Tuesday, February 19, 2008

Rock's Roost

Rock’s Roost is a small piece of heaven in the Missouri Ozarks. It is a cabin, of sorts, sitting among tall pines on a very rocky patch of ground. Right now it is in hibernation mode because the owner, yours truly, suffers from wanderlust. But when Rock’s Roost is awake, it truly rocks!

It has been four years or so since the Roost was functioning as a farm, and even then it barely resembled anything that a real farmer would brag about at the local coffee shop. It was an enterprise that was all expense and no profit (all hat and no cattle), yet I profited considerably from the experience.

When Rock’s Roost was at the pinnacle of its glory it was home to a dozen or so pygmy goats that frolicked on their own playground. The large truck tires and painted barrels that I set up for their amusement, and my own, are still there, though they look somewhat sad without the goats. Little goats must have invented the game “King of the Mountain,” because they would spend hours upon hours knocking each other off of those tires and barrels! The pygmy goats seemed to be always giving birth. Sometimes they did just fine on their own bringing twins or triplets into the world, and at other times I would find myself up to my elbows in pulling goats. One spring day I came home after being gone for the weekend, and there to greet me were seven new baby goats and three very tired nannies!

Five or six domestic rabbits ran free, and several times a year they would bring out their baby bunnies to meet the other creatures that called the Roost home. There were also three pot-bellied pigs whose main goal in life was to find a cool place to sleep in the summer and a warm spot for slumber in the winter. In the winter I would usually get home after dark and have to roam out to the dark barn to feed – where I would invariably trip over a pig or two!

A large contingent of fowl made their nests at Rock’s Roost. A flock of noisy guineas worked the grounds during the day looking for ticks, and at night they would nest in the tree tops ready to sound the alarm whenever anything unexpected happened in the darkness. For awhile there were also peacocks, two males and two females. They would nest in one very tall pine right next to the cabin. Whenever something would set the guineas to squawking, the peacocks would chime in with their distinctive screams. All of the dogs in the neighborhood would then add their howls to the chorus. Nothing went undetected at Rock’s Roost, even on the darkest of nights!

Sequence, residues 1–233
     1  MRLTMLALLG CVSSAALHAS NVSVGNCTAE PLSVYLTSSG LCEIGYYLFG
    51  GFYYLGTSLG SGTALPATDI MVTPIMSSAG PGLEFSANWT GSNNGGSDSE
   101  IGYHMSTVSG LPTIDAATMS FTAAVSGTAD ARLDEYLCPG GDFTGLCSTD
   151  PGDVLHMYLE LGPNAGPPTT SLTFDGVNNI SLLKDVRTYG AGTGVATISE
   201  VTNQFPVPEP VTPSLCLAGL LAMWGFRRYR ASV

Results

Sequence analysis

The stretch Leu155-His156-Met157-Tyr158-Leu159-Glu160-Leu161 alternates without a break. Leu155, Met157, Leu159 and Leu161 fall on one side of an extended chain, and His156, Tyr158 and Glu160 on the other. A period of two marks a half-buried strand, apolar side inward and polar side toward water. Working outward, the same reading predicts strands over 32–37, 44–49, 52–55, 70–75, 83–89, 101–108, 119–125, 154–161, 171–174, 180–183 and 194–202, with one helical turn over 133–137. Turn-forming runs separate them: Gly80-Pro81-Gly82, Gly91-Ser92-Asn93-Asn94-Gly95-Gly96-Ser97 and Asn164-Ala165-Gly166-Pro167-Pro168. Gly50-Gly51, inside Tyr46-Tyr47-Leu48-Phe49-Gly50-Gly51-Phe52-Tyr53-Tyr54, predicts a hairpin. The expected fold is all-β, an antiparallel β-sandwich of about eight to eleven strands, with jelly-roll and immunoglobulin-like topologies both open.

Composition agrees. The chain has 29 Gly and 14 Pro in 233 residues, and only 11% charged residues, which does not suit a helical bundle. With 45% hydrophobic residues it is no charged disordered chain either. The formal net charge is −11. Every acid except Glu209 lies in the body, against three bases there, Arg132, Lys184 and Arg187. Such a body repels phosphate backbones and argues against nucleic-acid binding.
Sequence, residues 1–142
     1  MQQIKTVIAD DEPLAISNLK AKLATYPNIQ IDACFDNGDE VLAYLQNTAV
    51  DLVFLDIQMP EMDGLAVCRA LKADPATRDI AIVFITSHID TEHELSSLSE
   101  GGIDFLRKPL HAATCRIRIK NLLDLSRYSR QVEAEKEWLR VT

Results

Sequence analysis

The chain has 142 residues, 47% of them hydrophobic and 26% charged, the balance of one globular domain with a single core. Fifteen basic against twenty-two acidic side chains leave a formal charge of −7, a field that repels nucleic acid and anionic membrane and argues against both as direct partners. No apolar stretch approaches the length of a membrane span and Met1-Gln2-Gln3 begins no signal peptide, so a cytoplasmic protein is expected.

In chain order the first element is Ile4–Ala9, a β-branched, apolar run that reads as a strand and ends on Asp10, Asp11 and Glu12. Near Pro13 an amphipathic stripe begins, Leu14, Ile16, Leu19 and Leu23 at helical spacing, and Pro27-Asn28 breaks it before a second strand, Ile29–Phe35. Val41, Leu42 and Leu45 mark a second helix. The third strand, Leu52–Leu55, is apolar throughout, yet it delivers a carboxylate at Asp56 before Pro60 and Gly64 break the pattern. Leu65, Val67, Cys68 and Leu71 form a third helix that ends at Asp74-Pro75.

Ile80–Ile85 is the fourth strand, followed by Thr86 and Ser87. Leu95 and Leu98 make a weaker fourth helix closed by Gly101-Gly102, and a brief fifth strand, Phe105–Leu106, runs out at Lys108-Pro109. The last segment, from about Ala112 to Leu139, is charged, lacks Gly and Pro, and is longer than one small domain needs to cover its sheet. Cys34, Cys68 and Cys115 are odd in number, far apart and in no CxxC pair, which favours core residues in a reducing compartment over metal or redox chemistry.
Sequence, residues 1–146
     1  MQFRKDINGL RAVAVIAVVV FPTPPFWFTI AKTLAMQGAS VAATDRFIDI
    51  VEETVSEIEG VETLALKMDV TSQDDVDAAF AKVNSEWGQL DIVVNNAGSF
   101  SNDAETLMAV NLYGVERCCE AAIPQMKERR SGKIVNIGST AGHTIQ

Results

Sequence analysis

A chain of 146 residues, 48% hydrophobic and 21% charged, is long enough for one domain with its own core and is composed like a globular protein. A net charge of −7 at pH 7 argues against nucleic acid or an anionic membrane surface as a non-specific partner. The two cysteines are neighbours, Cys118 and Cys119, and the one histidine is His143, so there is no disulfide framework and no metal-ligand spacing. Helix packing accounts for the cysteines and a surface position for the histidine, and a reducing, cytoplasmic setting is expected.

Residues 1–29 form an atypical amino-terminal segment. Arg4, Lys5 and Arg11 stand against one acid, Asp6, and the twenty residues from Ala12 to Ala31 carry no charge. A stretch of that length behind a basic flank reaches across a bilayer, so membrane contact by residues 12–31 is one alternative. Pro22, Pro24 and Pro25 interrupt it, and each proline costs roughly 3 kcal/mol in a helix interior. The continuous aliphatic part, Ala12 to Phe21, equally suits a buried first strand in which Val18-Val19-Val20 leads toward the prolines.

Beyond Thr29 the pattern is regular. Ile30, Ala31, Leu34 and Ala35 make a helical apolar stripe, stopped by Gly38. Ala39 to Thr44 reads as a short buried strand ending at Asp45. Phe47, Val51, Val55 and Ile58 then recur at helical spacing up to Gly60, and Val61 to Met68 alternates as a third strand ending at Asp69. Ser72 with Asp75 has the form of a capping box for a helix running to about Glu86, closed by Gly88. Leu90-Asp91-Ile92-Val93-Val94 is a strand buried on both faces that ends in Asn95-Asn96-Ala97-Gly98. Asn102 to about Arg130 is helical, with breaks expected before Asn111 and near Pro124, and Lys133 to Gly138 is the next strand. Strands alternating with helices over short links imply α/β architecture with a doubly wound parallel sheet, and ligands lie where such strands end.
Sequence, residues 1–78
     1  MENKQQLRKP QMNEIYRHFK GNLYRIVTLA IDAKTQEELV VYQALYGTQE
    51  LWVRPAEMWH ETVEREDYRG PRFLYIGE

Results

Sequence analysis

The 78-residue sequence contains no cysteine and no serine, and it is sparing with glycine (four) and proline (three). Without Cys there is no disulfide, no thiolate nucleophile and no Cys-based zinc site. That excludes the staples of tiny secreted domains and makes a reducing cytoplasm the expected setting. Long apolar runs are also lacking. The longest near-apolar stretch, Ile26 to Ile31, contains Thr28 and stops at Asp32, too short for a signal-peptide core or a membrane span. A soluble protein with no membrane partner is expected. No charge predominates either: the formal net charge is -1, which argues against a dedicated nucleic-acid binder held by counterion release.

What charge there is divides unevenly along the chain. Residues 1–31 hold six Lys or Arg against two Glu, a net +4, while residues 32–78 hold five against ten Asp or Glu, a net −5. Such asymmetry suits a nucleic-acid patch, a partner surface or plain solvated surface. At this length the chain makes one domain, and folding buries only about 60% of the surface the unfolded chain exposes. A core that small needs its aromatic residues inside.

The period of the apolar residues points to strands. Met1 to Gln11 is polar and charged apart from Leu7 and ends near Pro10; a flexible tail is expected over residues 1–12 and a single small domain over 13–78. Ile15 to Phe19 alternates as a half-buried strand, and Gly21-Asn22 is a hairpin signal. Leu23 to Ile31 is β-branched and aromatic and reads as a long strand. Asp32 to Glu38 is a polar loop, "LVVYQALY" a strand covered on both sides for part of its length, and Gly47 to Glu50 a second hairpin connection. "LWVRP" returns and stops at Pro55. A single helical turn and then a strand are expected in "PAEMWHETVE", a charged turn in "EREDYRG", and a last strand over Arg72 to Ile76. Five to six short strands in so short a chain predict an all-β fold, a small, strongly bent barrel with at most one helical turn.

Other feathered residents included a tom turkey, a cranky goose, and two dozen or so hens of mixed varieties that always provided an abundance of eggs - and all of my friends shared in the bounty! There were also a few roosters who liked to make noise and fight. The best birds on the little farm were four large emus. An emu is a three-toed, very large bird, similar to an ostrich only somewhat smaller. My emus loved to be hosed off on hot days in the summer, and they would sit in mud puddles and visit whenever the opportunity presented itself. One of the emus would reach over the fence with his long neck and feast on the cherry tomatoes that dangled close to their enclosure. Another was always underfoot whenever I did any cement work because she considered wet cement to be a delicacy! A large male ostrich also lived at the Roost for awhile, but he was as mean as the emus were sweet, and we soon had a parting of the ways.

But it was the dogs that were the King and Queen of the Roost. Paladin and Paloma, a pair of beautiful Great Pyrenees, ran the place by day and night. Those dogs were so special that they deserve their own post on this blog. It will be coming soon!

If the Roost was a comforting retreat on most days, it was magical during storms. A good spring or summer storm drove everyone together. The creatures of the Roost would gather in the barn, an assembly of friends waiting out the downpour and quietly tolerating the farmer as he fed the group and talked incessantly of things that were of no import to them. Life was beautiful, and everyone in the barn reveled in it. It was the very best of times!

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